Family violence expected to increase following bushfire crisis

Australia has just endured a horrific start to the bushfire season, and many communities and families are now grappling with the devastating aftermath. Unfortunately, for some people, increased family violence is an added trauma to deal with at this already difficult time. 

Academic research and the first-hand experiences of domestic violence support services have found that family violence spikes after disasters. This was the case after Victoria’s Black Saturday bushfires in 2009, Hurricane Katrina in the US in 2005 and the Canterbury earthquake in New Zealand in 2010.

The reasons for higher levels of violence following disasters vary, but in general relate to the trauma, stress, tension, fear, and loss of financial and housing security following these events.

Regardless of the reasons, the RCH says that disaster is no excuse for family violence. Family violence can have long-term effects on the health and wellbeing of children, babies and young people.

There are many support services available if you are experiencing violence. If you or your child are in immediate danger, call the police on 000. Otherwise, you can contact:

  • 1800RESPECT (1800 737 732) – the national sexual assault and family violence counselling service, available online and on the phone 24 hours a day, seven days a week.
  • Safe Steps Family Violence Response Centre (1800 015 188) – crisis service providing support and access to refuges for women and children, available 24 hours a day, seven days a week.
  • Kids Helpline (1800 551800) – a private and confidential phone and online counselling service available for children and young people aged five to 25, available 24 hours a day, seven days a week.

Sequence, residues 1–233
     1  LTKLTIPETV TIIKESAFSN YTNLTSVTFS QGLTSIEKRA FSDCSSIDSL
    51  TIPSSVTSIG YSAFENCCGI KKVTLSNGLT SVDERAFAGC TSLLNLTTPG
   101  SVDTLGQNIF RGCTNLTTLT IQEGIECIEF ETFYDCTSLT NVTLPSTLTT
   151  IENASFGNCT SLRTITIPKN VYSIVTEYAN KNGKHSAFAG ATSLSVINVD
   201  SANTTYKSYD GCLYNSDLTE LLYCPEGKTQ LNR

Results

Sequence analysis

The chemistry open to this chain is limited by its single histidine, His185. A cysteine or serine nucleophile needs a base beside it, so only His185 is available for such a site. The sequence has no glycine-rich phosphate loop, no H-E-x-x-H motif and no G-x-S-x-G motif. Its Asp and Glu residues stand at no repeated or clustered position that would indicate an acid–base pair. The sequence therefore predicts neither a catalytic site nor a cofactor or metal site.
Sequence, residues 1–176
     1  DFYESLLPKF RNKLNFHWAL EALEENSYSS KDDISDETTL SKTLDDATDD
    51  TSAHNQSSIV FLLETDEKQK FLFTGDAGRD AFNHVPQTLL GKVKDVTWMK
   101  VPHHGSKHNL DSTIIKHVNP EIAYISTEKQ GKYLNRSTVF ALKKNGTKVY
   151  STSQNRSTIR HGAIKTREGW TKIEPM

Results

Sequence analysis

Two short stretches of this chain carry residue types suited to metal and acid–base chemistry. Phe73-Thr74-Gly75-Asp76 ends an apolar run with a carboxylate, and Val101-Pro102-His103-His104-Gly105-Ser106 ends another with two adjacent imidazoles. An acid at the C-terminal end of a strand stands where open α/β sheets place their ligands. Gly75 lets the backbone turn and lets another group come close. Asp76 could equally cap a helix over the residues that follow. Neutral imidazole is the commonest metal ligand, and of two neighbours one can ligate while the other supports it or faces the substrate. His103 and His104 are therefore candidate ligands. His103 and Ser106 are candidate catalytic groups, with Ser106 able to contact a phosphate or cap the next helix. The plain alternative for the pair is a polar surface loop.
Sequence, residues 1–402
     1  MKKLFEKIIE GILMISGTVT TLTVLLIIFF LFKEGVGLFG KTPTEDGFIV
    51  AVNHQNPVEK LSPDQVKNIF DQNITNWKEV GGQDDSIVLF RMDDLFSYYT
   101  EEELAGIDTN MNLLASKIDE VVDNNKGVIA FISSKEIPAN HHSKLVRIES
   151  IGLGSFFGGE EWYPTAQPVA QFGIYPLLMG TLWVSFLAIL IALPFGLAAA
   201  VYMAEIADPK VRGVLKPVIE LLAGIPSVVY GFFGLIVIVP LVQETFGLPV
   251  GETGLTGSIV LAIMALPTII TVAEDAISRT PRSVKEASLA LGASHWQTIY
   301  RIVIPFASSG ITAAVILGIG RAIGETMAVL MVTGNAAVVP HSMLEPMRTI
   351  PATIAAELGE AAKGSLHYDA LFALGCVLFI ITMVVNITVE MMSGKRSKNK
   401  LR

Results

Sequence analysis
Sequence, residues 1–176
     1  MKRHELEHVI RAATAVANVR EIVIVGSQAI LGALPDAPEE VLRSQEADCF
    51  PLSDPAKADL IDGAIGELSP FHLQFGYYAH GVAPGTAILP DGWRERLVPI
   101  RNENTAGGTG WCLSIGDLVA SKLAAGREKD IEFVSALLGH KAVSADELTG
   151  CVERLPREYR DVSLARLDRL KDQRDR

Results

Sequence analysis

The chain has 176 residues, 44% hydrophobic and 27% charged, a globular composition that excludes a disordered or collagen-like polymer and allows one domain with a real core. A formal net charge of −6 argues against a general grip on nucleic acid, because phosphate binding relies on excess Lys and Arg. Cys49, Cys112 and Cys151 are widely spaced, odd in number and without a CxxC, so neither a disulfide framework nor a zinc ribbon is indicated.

• No to Violence (1300 766 491) – national referral service working with men to end family violence, available in Victoria weekdays 8 am – 9 pm, weekends 9 am – 5 pm.
  • MensLine (1300 789 978) – telephone and online counselling service specialising in family and relationship concerns, available 24 hours a day, seven days a week.

Our Kids Health Info fact sheet Family violence – effects on children’s health has valuable information on how family violence impacts children and ways to help them.

2 comments for “Family violence expected to increase following bushfire crisis”

  1. Blessing

    Why exactly will trauma from disaster promote family violence instead of foster unity since everyone is obviously trying to survive?

    Reply
    • Corporate Communications

      Thank you for your comment – it’s a good question.

      During a disaster we’d expect people to band together to survive, and most people do. Indeed, we’ve seen communities across Australia unite to help each other this fire season.

      But in the aftermath of disasters, the initial trauma is compounded by a lot of ongoing pressure and uncertainty within the family. Research tells us that in this environment there are increased reports of both first-time family violence and escalating severity in families already experiencing violence.

      Community attitudes following disasters tend to promote traditional family and gender roles – we expect men to be tough and heroic and expect women to be supportive and caring (even at the expense of their own safety), which means family violence can be overlooked or excused. Overstretched community support may have limited capacity to acknowledge relationship violence and provide support for safety plans.

      For more information on this issue, see Gender & Disaster Pod at https://www.genderanddisaster.com.au/

      If anyone is experiencing family violence, we recommend contacting 1800RESPECT for help.

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